The Moon landings are a fact

Joe Newman

Active Member
However the moon landings or otherwise are a matter of FACT - refusing to accept facts about them is not "belief" - it is ignorance.
I don't agree, so I would like to know how you or anyone else who believes it has arrived at that conclusion.
 

Soulfly

Banned
Banned
Since you have stated before that you believe the Moon landings happened but that the official story is just not true, perhaps you could point out what official story evidence you think is suspect. There is no point in going over things we agree on, is there?
 

Joe Newman

Active Member
Belief in or acceptance of supernatural claims about deities has nothing whatsoever to do with human spaceflight.
Well, except for the Mason and OTO tie in, along with the connection with the Paperclip crew.

Do you not think the connection is pertinent?

There's no basis for likening the Apollo program and the acceptance of well-established facts demonstrating its accomplishments to religious or theistic arguments.
(I wasn't implying that, at least in the way you think, but that was a different context. My question here is not connected to that, just the thought in this context.)

Do you see no connection between the occult roots of NASA and the theistic narrative those roots spring from?[/quote]
 

Soulfly

Banned
Banned
By the way this site is called metaBUNK not metaFACT. It is not, explain why you think the official story is true, it is explain away bunk. If after the removal of bunk, anyone wants to believe the official story or not, it is up to them. I think you mistake the removal of bunk with believe anything and/or everything official, you will find that is not always the case.
 

Soulfly

Banned
Banned
I made the claim in the other thread that all the Moon landing hoax have been debunked. For the ones I am familiar with that is true to my satisfaction. You then said in this thread...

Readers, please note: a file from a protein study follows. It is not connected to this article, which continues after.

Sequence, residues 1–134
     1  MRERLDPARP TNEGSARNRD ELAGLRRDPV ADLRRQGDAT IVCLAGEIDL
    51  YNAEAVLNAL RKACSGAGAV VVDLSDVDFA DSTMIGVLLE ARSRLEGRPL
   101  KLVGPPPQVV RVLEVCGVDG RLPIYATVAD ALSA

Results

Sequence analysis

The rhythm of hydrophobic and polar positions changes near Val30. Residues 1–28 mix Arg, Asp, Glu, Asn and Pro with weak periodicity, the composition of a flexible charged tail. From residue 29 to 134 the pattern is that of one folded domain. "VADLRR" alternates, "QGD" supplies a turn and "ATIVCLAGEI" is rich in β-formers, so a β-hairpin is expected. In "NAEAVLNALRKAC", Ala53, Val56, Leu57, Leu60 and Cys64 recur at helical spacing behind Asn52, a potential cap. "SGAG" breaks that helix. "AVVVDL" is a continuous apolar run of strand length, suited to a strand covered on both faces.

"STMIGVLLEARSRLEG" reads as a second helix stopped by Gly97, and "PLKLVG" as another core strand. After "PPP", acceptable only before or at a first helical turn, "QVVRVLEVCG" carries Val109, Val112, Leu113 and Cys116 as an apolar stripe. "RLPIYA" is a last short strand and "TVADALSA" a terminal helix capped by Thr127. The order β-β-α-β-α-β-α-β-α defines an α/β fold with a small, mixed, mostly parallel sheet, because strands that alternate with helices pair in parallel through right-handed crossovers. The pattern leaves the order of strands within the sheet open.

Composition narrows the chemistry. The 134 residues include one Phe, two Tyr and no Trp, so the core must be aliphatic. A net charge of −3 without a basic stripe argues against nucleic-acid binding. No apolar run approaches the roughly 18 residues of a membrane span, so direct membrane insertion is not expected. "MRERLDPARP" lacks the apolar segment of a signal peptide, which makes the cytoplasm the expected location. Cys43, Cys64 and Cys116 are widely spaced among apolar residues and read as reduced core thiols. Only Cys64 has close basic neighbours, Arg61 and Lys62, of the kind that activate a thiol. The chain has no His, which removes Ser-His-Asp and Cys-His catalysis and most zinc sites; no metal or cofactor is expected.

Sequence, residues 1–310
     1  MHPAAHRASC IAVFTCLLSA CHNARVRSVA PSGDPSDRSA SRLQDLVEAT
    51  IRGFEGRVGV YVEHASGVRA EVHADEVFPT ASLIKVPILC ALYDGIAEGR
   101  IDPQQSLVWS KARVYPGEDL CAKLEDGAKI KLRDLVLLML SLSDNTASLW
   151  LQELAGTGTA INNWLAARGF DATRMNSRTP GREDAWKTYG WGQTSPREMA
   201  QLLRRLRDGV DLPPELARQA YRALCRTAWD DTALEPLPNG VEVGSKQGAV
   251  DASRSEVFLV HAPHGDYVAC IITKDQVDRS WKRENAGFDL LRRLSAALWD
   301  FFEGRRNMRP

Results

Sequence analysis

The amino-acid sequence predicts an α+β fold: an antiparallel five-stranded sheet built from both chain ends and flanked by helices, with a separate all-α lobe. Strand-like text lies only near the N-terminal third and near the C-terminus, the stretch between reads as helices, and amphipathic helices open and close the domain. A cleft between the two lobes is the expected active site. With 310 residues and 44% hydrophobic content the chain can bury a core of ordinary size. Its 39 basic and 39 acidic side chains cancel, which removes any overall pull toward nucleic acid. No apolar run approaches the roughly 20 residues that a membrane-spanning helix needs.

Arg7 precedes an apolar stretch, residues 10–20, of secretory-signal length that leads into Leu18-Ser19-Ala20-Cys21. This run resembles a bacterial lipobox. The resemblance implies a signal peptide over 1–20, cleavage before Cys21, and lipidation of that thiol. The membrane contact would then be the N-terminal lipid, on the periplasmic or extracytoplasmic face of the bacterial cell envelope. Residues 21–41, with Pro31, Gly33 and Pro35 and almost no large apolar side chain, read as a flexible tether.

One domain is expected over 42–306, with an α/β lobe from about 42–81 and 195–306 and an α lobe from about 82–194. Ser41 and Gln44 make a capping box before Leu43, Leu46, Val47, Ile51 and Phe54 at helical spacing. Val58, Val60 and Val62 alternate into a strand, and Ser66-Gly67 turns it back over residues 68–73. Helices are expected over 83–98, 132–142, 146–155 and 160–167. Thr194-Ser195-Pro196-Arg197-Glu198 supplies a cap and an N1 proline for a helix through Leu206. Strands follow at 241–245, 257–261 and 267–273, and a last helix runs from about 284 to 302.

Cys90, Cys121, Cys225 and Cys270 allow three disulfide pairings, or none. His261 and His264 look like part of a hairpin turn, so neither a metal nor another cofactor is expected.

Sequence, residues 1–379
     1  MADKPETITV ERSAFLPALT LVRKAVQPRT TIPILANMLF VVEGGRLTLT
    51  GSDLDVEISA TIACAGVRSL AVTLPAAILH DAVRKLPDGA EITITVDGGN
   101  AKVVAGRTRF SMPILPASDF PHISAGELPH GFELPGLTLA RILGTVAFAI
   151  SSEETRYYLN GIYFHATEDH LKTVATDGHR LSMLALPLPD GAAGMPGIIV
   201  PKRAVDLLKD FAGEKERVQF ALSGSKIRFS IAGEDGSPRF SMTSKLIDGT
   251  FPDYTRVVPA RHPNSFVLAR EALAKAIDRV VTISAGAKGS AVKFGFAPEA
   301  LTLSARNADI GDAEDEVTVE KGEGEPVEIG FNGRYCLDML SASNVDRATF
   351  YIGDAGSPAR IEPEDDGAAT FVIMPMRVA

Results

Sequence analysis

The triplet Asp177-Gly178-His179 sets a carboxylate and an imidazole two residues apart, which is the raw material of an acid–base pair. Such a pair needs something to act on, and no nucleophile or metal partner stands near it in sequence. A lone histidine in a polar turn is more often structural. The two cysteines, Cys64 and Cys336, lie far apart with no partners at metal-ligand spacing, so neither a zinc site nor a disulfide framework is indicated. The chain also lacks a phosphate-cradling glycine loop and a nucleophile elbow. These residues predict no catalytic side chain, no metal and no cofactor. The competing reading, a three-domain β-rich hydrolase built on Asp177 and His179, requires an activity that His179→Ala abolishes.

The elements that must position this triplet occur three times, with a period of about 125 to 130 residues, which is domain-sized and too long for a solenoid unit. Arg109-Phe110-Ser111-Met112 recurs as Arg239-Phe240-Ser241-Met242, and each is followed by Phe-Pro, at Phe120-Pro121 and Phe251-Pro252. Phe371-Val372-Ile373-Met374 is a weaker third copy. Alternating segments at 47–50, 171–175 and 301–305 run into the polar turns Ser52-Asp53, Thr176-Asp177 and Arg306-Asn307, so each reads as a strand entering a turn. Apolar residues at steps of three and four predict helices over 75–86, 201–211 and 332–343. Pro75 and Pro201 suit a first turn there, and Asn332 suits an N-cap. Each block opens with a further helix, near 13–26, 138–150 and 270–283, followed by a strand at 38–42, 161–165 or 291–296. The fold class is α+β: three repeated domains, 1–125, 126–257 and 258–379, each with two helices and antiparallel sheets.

https://www.metabunk.org/threads/what-makes-something-debunked.1925/
I'm of the mind that they went there and probably faked some of the footage we saw.
I provided the video Mick posted above, that explains a lot about how film was shot back then. Your response was to try, like you have done many times now, divert the burden of proof to someone else. The way a debate usually works here is by someone making a claim, in this case me and then someone, in this case you, make a counter and so on. It is by my count, your turn now.
 
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cosmic

Senior Member.
Well, except for the Mason and OTO tie in, along with the connection with the Paperclip crew.

Do you not think the connection is pertinent?
No. Now you're attempting to change the argument. You cannot somehow legitimize the logical fallacy you posted previously by adding a layer of conspiracy claims to it.

Do you see no connection between the occult roots of NASA and the theistic narrative those roots spring from?
As usual, I have no idea what you're alleging. Please spell it out explicitly.
 
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Cairenn

Senior Member.
I agree, what 'occult roots' ? You are reminding me of my grandmother that didn't want us up in space, because that is where God and heaven is.
 

Grieves

Senior Member
Cairenn, I believe what's being referenced is John Whiteside Parsons and his tendency to quote Aleister Crowley's 'Hymn to Pan' during a launch. Aleister Crowley was a major 'occultist' and a pretty connected individual in his prime. It could be said that it was just that one dude, and there's no trend of Crowleyesque junk in NASA, but then they don't exactly hesitate to keep making shout-outs.

From the other thread:
That's an interesting video. Too bad he insists on being so patronizing. He makes some very fair points, but also some very silly ones. 'Wheres the dust'?

I don't think the moon landings were faked, but I find some of the logistics pretty questionable. He points out how there was apparently a continuous shot of 147 minutes or so for example. That's one hell of a battery for the day, isn't it? Batteries are one of the biggest question-marks I have where the moon-landings are concerned. That and how the astronauts survived, seemingly in more or less good health, when everything else that's gotten into an orbit a trace percentage as high as the distance to the moon has died for the most part. Getting a few critters to live for a month at 350 miles is the best results I've seen from the modern space program, and that's like, 0.99% as far from the earth as it would take to land on the moon, still within the earth's protective field to an extent. Why didn't exposure to solar radiation have terribly adverse health effects/prove fatal, as it frequently has with animals at lower, safer orbits?
 

cosmic

Senior Member.
Batteries? That's a new one. They used custom silver-zinc batteries for all power after they landed
And they were quite substantial... Apollo 11 had four on the descent stage alone. Those which accompanied the LRVs on later missions were good for 121 ampere-hours apiece (and they carried two per LRV). That power allowed the astronauts to travel many kilometers on the lunar surface, so it was rather obviously more than enough for cameras.